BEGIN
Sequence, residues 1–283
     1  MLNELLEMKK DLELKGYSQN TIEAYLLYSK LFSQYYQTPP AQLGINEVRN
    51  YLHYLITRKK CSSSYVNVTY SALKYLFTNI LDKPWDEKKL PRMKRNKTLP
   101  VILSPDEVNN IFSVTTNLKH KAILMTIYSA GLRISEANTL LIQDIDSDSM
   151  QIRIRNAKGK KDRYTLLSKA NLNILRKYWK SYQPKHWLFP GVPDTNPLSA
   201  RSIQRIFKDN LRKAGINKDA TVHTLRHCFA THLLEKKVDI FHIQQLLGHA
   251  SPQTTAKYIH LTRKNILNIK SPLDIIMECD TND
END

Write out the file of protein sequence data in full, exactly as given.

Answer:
Sequence, residues 1–283
     1  MLNELLEMKK DLELKGYSQN TIEAYLLYSK LFSQYYQTPP AQLGINEVRN
    51  YLHYLITRKK CSSSYVNVTY SALKYLFTNI LDKPWDEKKL PRMKRNKTLP
   101  VILSPDEVNN IFSVTTNLKH KAILMTIYSA GLRISEANTL LIQDIDSDSM
   151  QIRIRNAKGK KDRYTLLSKA NLNILRKYWK SYQPKHWLFP GVPDTNPLSA
   201  RSIQRIFKDN LRKAGINKDA TVHTLRHCFA THLLEKKVDI FHIQQLLGHA
   251  SPQTTAKYIH LTRKNILNIK SPLDIIMECD TND